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What Is Champagne?

Monday, 11 Oct 2010 11:57 AM

Champagne evokes thoughts of festivity, luxury, and indulgence. It has been considered the king of wines and the wine of kings since the days when the French crowned their kings in Reims, in the heart of the Champagne region of northeastern France. Today, champagne is a more affordable indulgence that has become increasingly popular.
Champagne is a sparkling wine produced in France’s Champagne region, which originally produced a still wine that had a certain vivacity. It was in the 17th century that a Benedictine monk, Dom Pierre Perignon, perfected the means of sealing the sparkle in the bottle. Today, a cork is used as a stopper to achieve this. The gas in the champagne is the result of secondary fermentation.

Champagne is made as vintage and nonvintage wines. Vintage champagne is considered to be at its best five to 10 years from the date it is made on. However, most wines are nonvintage and are stored like fine wines. Such wines, if kept for too long, become very old, losing their sparkle and freshness.
Champagne should be served chilled, but not iced. Opening a bottle calls for care, especially once the muzzle of wire is removed, due to the tremendous force behind the cork, which could cause injury.

 Experts hold that true connoisseurs should ditch the traditional long-stem flutes and saucer-shaped coupes and drink champagne from elongated, tulip-shaped glasses instead.
Generally, two sizes of bottles; the standard 750 ml and the 1.5 liter magnums, are used to ferment champagne. Magnums are thought to produce higher quality champagne, as there is less oxygen in the bottle and the proportions favor appropriately sized bubbles. Other bottle sizes, named for Biblical figures, are generally filled with champagne that has been fermented in standard bottles or magnums.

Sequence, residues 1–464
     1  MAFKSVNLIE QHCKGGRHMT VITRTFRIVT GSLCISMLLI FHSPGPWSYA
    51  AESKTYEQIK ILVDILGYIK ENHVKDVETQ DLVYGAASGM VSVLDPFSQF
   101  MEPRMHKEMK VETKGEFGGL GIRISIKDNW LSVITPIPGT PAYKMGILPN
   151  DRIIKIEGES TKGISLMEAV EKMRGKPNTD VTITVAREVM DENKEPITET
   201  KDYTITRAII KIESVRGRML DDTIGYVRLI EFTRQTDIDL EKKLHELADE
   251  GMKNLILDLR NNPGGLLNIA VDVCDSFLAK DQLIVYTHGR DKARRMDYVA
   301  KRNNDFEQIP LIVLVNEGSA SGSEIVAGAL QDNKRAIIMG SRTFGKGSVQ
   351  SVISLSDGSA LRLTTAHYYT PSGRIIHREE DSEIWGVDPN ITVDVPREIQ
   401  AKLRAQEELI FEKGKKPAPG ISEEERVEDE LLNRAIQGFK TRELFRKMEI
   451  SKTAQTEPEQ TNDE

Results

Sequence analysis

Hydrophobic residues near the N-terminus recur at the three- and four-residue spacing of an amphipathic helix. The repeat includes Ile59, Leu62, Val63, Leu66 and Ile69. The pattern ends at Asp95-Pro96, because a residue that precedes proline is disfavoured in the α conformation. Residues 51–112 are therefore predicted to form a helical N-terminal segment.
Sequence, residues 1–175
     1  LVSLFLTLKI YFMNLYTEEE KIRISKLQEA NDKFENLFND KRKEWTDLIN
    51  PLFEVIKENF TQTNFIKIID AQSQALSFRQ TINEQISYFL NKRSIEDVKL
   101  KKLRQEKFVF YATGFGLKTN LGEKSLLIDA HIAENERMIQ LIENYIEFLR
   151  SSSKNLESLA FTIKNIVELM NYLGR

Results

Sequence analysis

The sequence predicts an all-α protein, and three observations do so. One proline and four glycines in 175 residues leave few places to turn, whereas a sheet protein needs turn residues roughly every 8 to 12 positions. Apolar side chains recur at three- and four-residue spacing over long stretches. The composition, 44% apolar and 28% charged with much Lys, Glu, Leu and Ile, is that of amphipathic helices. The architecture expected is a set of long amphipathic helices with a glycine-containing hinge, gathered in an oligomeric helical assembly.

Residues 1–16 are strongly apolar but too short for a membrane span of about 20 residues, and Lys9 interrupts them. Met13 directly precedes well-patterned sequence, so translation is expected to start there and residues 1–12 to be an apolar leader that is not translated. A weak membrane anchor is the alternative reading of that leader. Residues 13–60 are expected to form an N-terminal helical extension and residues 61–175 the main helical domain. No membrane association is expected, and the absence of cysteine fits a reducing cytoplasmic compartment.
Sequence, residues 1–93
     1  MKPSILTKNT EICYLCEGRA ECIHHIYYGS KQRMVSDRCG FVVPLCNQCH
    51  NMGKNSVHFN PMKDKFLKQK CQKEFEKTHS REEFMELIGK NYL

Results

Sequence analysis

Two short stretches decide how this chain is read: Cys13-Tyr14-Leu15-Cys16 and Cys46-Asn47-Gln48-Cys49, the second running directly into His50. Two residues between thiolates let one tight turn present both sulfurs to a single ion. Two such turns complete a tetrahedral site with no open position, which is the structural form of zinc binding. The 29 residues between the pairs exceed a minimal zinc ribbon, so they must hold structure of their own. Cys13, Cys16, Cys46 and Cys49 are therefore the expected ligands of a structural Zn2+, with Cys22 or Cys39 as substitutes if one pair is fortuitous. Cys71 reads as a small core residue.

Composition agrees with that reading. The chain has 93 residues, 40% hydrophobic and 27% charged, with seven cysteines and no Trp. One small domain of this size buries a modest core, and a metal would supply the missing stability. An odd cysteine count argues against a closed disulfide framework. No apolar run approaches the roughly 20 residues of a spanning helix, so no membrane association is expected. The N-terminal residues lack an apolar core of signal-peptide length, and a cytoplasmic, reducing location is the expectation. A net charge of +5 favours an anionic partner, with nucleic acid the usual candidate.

In 2009, a bottle of 1825 Perrier-Jouet champagne was opened at a ceremony attended by 12 of the world's top wine tasters. The Guinness Book of World Records recognized this as the world’s oldest bottle of champagne. The tasters thought the champagne was drinkable and had notes of truffles and caramel. Only two more bottles from the 1825 vintage are known to remain.
Cristal, the aspirational champagne brand from Louis Roederer, comes in a flat-bottomed, clear, crystal bottle with anti-UV cellophane wrapper and a gold label. Worldwide awareness of its high price has given it an image of exclusivity and high status.
Excellent on its own, champagne also lends itself to creating excellent cocktails when mixed with other spirits and flavors. Be sure to add the champagne last to avoid an overflow; stir gently, and serve immediately. Some well-known champagne cocktails include Champagne Cobbler, Regent’s Punch, Magna Carter, Morning Glory, and Queen’s Cousin.
The champagne you choose to buy is definitely worth the cost — it is, after all, the wine of kings!

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